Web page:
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Indoor Bonsai and Dormancy? 3 years 10 months ago #59755

  • Nataris
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**Disclaimer: Thank you all so much for your thoughts and advice. I fully understand that bonsai is mainly an outdoor "hobby". Unfortunately for me, outdoor isn't an option. So I will be going forward will my attempt with indoor bonsai. Please respect my decision and do not comment about how this will never work etc. I understand the difficulty. But am seeking knowledge to do my best. Thank you!!

So I understand most plants/trees (therefore bonsai) benefit from dormancy periods during colder months to rebuild there energy as well as protect themselves from the cold. How does this effect indoor plants?

I have a pretty good quality grow light and am wondering if I should make a schedule that allows for less light during the winter months so the plants have time to going into there natural dormancy state. What is the consensus about this? I've been doing my share of research but haven't came to an answer.

My thoughts here are that since indoor bonsai is so difficult, I'm trying to recreate a natural environment for the plants to thrive in. Which means being mindful of how they thrive outside.

The plants in question:
- Chinese Elm
- Ficus "Golden Gate"
- Juniper
- Jade

TLDR: Where does dormancy fit into indoor bonsai growing using artificial lighting? Should it be forced and is it only necessary for outdoors?

Thank you all for your knowledge and advice.

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Indoor Bonsai and Dormancy? 3 years 10 months ago #59756

  • BofhSkull
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As you point out, it is an outdoor hobby indeed, so no direct experience in doing this nor would I encourage anybody in doing it.
That said, if I had to make assumptions, I'd say tropical plants are more or less your only options; of the list above, I guess only ficus and jade.

Amount of sunlight per day is something you can replicate in your house, that's easy. But that's far from being the only factor.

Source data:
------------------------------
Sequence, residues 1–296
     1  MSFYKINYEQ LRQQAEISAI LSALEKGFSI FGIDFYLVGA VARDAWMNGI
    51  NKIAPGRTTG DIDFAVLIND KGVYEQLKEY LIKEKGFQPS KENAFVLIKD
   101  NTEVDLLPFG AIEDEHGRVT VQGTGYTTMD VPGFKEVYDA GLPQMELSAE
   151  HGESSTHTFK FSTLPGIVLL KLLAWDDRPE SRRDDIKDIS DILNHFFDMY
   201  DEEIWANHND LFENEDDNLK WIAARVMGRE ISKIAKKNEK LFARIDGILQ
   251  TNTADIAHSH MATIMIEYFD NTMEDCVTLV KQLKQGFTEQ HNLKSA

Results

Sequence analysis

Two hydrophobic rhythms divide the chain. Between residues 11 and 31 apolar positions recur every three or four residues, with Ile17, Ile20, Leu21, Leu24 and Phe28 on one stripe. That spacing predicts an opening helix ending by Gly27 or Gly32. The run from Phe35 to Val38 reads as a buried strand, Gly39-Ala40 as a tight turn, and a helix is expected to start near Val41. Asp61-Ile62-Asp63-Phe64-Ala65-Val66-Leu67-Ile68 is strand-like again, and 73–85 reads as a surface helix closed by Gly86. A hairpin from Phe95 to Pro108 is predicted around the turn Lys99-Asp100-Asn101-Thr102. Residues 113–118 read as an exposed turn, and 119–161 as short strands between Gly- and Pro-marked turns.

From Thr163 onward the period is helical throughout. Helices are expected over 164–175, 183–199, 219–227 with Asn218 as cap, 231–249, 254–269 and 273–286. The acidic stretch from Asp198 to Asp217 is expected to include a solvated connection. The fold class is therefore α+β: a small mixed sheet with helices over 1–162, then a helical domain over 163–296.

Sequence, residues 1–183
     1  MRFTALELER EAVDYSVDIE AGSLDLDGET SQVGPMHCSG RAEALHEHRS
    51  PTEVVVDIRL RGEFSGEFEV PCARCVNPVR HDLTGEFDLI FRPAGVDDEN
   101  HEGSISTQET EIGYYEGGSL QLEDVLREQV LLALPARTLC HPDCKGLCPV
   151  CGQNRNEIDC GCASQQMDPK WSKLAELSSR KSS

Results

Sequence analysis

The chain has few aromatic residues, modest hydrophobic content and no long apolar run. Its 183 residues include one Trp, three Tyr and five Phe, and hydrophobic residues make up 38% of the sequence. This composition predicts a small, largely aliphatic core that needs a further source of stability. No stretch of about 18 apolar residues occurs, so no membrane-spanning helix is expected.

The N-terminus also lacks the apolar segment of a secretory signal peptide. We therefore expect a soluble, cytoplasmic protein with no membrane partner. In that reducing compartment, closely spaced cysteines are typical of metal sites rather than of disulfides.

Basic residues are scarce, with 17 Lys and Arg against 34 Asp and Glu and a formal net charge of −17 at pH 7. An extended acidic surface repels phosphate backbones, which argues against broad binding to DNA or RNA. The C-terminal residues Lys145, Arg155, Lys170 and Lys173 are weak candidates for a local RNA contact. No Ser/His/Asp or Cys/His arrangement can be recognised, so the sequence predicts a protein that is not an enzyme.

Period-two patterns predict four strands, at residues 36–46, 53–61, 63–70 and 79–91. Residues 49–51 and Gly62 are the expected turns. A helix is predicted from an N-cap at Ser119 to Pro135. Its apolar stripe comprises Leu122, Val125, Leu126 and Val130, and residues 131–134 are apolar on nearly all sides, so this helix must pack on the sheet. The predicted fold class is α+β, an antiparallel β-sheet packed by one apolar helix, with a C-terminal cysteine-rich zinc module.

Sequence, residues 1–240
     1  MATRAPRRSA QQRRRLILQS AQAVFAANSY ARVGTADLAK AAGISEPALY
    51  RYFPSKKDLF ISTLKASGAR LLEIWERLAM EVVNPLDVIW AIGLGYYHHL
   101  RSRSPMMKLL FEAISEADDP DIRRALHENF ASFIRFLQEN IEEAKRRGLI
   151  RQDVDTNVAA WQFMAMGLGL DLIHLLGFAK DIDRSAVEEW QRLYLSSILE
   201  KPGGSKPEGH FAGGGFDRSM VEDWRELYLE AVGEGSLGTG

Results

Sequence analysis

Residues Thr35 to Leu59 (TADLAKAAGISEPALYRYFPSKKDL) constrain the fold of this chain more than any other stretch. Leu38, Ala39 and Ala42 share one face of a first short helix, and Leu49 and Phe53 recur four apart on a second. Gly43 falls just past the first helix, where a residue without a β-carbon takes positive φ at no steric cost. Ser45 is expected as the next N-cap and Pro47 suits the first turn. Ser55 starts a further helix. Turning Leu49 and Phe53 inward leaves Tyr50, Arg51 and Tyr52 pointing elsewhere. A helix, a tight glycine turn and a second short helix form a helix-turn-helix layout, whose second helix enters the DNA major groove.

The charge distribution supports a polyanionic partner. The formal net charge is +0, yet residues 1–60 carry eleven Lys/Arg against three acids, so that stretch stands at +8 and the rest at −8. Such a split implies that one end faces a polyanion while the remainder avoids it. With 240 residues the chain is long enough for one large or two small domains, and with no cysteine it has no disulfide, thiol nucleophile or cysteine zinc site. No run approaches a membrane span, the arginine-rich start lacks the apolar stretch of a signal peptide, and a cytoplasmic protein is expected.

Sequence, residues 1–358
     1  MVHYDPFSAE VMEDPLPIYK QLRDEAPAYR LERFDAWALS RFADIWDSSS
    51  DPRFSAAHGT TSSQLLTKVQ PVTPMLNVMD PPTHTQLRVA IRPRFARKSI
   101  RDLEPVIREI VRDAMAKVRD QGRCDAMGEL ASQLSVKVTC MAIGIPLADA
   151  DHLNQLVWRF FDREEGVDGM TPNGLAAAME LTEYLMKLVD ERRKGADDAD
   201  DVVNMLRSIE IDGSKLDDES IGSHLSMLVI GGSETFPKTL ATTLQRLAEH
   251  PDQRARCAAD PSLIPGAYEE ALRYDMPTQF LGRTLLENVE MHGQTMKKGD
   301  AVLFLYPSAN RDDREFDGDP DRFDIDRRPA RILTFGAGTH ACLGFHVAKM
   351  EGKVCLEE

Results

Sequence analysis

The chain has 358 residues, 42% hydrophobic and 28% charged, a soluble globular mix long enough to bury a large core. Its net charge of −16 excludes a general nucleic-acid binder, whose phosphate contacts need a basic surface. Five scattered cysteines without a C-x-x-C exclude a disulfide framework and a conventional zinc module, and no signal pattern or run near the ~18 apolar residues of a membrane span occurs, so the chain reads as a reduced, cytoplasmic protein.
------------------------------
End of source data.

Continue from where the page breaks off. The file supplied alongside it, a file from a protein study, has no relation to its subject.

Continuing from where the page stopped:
What you can hardly replicate is humidity changes, wind going through the branches, temperatures going above and below what you'd find tolerable in your house. Particularly with junipers, you have to look at what environment they live in, as that's what they're genetically adapted to: usually low-humidity, high temperature differences between day and night and between summer and winter, often windy. Technically, they never really go dormant: they just reduce activity during the cold season, so it's not necessarily the lack of dormancy that would harm them, but all these things together.
Keeping one in an environment where the temperature doesn't really change much or at all (like a livingroom), with very limited air flow, etc, will most likely bring in diseases that the plant would hardly experience in its normal habitat, and for which it would therefore have no countermeasures. Some of them you can treat, some can be systemic and as such almost untreatable.

Again, not saying it can't be done, but definitely not something to attempt without very in-depth horticultural knowledge, IMHO.
I certaintly don't consider myself at that level, so all the above should be taken with a grain of salt ;-)

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Indoor Bonsai and Dormancy? 3 years 10 months ago #59758

  • m5eaygeoff
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Forget the Chinese Elm, forget the Juniper. The other two are tropical plants so will survive inside and do not require cold.

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Indoor Bonsai and Dormancy? 3 years 10 months ago #59759

  • Tropfrog
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However possible to replicate dormancy inside, it is expensive and troublesome.

Light and temperature are both deeply related to the activity in the tree and to each others. So adjusting one without the other Will certanly kill a temperate plant. Look into how People in cold climate overwintering meiteranean plants. However not experienced doing it but for jade . But Will likelly work for the trees mentioned except maybe ficus.

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Indoor Bonsai and Dormancy? 3 years 10 months ago #59779

  • Ivan Mann
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For some reason trees outdoors seem to be able to handle little bugs better than indoors. I have had several different trees that did fine outside and then were habitats for little bugs until a week after moving outside. Orange, lime, Hong Kong orchid, and two or three others were eaten up and finally died. Jaboticaba and baobab have survived, and the ficus has done well.
Good luck.

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